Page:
Weather hazard case studies

Case studies of two contrasting natural weather hazard events arising from extreme weather conditions. The case studies must include a natural weather hazard from each bullet point below:

  • flash flooding or tropical storms
  • heat wave or drought.

There must be one UK based and one non-UK based natural weather hazard event.

Flash flooding – Boscastle, UK

Key facts

16th August 2004

Village built at the confluence of the River Jordan and the River Valency


Causes Natural

  • Torrential rain: over 500mm rain fell in 4 hours, remnants of Hurricane Alex. Weather system remained stationary over area due to converging winds.
  • Small catchment area (about 23km2)
  • Impermeable upland area (Bodmin Moor)
  • Steep-sided valleys

Extremely wet summer, by August ground was saturated. Human

  • Building along river
  • Construction of small bridges across river (trapped material behind them creating small dams)
  • River narrowed through Boscastle reducing capacity

Deforestation in valleys Consequences Social

  • Destroyed homes
  • Stress and anxiety for local people

Cars belonging to more than 1,000 people washed away Economic

  • 25 business properties destroyed
  • Bridges and roads damaged
  • 4 footbridges washed away
  • Visitor centre destroyed
  • Area relies on tourism for 90% income, most of which earned in summer months. Floods dramatically affected earnings.
  • Insurance companies paid out an estimated £20 million to repair damaged property


  • Gardens and pavements destroyed by weight of floodwater

Responses Short-term Major incident declared at 5pm. RAF search and rescue were alerted to rescue trapped people. No-one died mainly due to the rapid response of the emergency services. Long-term

To reduce the risk of future floods, a £4.6 million flood defence scheme was completed in 2008.

  • Low bridges removed
  • River widened through Boscastle
  • New flood defence wall built in village centre
  • River bed lowered by an average of 0.75m
  • Trees near to river removed
  • Landowners encouraged to maintain vegetation cover on valley sides

Drought in Australia

Key facts

  • South-east Australa suffered from a severe, long-term drought from 2001/2-2009
  • It was the driest period in 125 years
  • Known as the Big Dry or the Millenium Drought
  • Worst hit area was the Murray-Darling Basin, an important agricultural region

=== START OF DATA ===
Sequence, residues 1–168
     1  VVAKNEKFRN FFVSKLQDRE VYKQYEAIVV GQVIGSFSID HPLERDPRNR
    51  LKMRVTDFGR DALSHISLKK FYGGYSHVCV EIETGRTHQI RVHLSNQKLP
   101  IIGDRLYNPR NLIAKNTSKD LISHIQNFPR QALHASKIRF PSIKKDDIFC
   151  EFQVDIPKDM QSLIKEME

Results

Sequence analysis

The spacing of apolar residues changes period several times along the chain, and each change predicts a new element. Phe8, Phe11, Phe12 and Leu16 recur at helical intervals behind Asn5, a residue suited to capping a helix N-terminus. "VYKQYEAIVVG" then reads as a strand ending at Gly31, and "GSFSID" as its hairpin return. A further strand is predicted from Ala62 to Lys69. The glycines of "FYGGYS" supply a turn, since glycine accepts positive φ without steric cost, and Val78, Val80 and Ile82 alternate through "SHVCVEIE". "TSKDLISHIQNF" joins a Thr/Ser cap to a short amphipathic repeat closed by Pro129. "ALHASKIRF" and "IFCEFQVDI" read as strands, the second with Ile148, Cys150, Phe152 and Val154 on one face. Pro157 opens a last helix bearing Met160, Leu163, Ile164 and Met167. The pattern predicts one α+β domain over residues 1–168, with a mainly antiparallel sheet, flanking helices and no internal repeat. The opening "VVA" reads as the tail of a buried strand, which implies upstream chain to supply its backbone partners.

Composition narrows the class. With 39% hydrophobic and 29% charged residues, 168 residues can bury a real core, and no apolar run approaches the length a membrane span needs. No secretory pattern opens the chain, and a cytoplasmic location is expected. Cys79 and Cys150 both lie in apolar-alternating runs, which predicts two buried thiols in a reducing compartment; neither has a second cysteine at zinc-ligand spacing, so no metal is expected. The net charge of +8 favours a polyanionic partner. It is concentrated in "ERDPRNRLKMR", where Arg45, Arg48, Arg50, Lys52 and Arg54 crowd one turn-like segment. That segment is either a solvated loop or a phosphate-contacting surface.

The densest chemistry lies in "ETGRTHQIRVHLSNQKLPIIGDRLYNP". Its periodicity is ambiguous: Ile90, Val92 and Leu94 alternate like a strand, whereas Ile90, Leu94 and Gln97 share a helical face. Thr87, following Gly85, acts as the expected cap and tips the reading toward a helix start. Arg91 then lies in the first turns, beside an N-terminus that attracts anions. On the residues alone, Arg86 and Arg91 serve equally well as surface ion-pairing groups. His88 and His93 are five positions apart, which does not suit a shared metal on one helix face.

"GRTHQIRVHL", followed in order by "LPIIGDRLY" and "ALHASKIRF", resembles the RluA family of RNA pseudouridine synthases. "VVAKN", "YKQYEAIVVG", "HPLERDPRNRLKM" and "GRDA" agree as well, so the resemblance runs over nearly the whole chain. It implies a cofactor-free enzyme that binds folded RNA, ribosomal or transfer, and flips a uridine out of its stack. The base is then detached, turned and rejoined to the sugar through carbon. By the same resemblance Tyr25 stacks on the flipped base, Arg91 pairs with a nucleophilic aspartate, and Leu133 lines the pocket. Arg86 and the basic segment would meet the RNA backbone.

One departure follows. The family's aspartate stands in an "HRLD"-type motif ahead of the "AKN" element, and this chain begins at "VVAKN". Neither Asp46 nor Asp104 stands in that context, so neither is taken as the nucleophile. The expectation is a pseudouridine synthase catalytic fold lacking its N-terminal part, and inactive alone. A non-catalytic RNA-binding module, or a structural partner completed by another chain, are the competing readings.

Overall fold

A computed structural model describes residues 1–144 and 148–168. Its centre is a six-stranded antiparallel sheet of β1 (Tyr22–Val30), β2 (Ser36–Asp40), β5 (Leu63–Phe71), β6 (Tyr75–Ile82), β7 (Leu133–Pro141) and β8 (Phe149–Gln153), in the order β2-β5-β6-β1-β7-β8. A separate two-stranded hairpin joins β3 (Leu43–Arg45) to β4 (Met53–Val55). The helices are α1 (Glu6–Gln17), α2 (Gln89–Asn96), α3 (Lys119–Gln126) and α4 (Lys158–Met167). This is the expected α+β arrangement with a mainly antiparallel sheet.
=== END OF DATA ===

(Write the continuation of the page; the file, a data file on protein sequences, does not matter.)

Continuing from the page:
Causes Natural

  • Naturally low rainfall due to global atmospheric circulation (the 30°S high pressure belt runs through Australia)
  • El Nino events in 2002-03, 2004-05, 2006-07
  • Scientists think that climate change may be increasing global temperatures and changing rainfall patterns. Temperatures in Australia were higher than normal during this period, resulting in more water being evaporated. Weather fronts that normally bring rain moved further south, away from Australia, causing annual rainfall to be lower than normal.


  • Country is overpopulated; it cannot maintain its current population growth in relation to access to water
  • Murray-Darling basin is home to 2 million peole and is under a lot of pressure to provide the water needed to support agricultural production in the region. 40% of Australia’s agricultural produce comes from this region and it contains 70% of irrigated cropland and pasture.

Consequences Social

  • People in rural areas left due to a lack of water, placing greater pressure on the population of cities
  • Rural suicide rates soared


  • Farmers had to sell cattle as they couldn’t afford to feed them
  • Food prices rose as Australia became more dependent on imports
  • Water bills rose 20% in 2008
  • Tourism decreased
  • Agricultural production decreased
  • 10,000 people directly employed by the cotton-growing industry were affected
  • Number of dairy farms more than halved
  • 100,000 people employed in farming lost their jobs


  • Water levels in lakes and rivers (especially Murray and Darling rivers) ran low
  • Loss of vegetation, wildlife and biodiversity
  • Soil erosion
  • Dust storms
  • Drought conditions perfect for wildfire, over 30,000 sqkm land burned destroying hundreds of houses and killing 8 people.
  • Grassland turned to scrubland
  • Energy from HEP was reduced leading to more pollution as Australia resorted to using fossil fuels
  • Water quality reduced as toxic algae outbreaks occurred in depleted rivers, dams and lakes

Responses Short-term

  • Water conservation measures introduced e.g. the 3 million people who rely on the Murray river for their water supply had their allocation reduced
    • Legisalation to ban car washing and limit showers to 4 minutes
    • Recycling waste water from showers, baths, washbasins and washing machines, known as greywater
  • Government provided over 23,000 families and 1500 small businesses with income support to help them survive
    • Farmers claimed $400-600 in assistance per fornight
    • Govenment paid out $1.7million per day in drought relief to farmers
  • Subsidised rainwater storage tanks for homes


  • Cities such as Sydney built desalination plants to turn sea water into drinking water
  • Investment in improving drought forecasts so farms can prepare better, improving irrigation schemes and developing drought-resistant crops